steering clear of the mainstream
since 2001

june 2010

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info opinion

Bockman's Euphio

"Gorjus: Fighting Bockman's Euphio" CD

Totoba Records

Genres: rock, prog rock, jam band

Totoba Records
1762 El Centro
Columbia, MO

Dec 13 - 19 2004

Bockman's Euphio play good music, even if their songs frequently go on a lot longer than they should.  Fortunately, there's enough content within the tracks to keep matters interesting - Gorjus exhibits a whole grab-bag of styles and influences, including jazz, pop, and even some prog rock.  The band has gained a respectable following, particularly because of a strong bootlegging circle ( the band encourages the taping of shows), as well as their dedication to posting live songs on their website.

Gorjus is a long album, but it has many strong songs to its credit.  The jazzy "Reverie" is probably the disc's main attraction - it boasts a memorable chorus and a loose, jam-band flow.  Opener "Patience" also has some solid hooks; at first, you can see it becoming an O.C.-style pop single, but its unconventional structure gives it an inventive touch.  "Come Back (to this)" and "Away King" also boast impressive melodies and engaging styles.  The majority of the "prog" sound present on Gorjus can be attributed to the band's frequent use of extensive solos - "Pusher," for example, features an impressively funky jam session, and "Gorjus" has an extensive guitar part.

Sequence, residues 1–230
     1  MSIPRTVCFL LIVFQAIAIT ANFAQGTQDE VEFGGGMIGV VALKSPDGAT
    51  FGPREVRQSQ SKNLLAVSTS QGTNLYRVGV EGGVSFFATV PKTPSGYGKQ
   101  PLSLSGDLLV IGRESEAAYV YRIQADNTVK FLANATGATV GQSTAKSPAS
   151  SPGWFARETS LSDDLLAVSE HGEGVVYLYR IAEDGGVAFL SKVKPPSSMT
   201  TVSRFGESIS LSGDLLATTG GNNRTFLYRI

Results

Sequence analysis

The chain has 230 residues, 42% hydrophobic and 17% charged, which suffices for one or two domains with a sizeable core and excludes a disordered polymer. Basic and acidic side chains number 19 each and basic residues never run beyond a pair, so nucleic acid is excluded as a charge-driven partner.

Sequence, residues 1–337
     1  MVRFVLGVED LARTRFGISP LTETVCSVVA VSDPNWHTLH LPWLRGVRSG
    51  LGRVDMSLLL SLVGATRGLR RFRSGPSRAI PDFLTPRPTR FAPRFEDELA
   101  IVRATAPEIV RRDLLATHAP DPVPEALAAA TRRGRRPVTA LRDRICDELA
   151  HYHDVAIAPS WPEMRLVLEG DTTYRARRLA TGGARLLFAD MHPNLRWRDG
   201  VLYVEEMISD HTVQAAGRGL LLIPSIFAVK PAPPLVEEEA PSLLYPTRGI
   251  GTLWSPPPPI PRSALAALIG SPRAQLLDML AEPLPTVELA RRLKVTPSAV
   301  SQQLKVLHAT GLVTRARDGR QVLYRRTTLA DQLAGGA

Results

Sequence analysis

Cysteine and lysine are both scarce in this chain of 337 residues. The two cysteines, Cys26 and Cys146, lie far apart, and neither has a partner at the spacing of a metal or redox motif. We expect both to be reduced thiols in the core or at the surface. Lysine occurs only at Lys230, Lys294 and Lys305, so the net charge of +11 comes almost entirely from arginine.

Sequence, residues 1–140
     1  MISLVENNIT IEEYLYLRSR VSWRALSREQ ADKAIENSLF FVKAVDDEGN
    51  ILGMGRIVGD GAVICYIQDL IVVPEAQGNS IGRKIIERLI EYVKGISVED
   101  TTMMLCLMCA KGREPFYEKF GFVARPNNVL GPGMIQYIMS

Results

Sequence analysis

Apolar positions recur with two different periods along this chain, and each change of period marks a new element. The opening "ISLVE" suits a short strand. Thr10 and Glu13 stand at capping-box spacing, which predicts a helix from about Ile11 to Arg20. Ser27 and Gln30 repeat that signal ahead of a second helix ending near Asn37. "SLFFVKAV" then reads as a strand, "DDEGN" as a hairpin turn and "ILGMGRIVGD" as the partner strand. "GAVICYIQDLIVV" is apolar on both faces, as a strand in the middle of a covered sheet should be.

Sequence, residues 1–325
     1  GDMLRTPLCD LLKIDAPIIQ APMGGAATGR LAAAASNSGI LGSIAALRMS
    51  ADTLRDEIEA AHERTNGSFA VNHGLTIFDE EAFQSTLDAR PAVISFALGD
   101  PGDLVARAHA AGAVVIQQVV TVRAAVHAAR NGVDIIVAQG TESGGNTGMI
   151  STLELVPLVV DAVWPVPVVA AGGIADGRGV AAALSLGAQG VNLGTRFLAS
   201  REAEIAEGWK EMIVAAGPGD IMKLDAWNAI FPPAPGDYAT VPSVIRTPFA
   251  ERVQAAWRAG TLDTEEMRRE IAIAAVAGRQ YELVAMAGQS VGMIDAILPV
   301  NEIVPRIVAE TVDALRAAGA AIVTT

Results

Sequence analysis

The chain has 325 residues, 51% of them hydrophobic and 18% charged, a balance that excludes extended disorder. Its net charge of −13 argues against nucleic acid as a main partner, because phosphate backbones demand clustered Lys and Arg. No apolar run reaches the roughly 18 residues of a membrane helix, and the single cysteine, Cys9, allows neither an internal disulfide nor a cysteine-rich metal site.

While an album filled with long songs such as these may be a bit overwhelming at first, Gorjus quickly fills out its role as a solid piece of jam band rock.  Even if you aren't into the genre, give Bockman's Euphio a shot - songs like these don't take long to warm up to.


Fun Fact: "Bockman's Euphio" is actually a reference to "The Euphio Question," a short story by Kurt Vonnegut.  "Euphio" has something to do with an artificial method of synthesizing happiness.

Matt Shimmer

[Vitals: 11 tracks, distributed by the band, released 2004]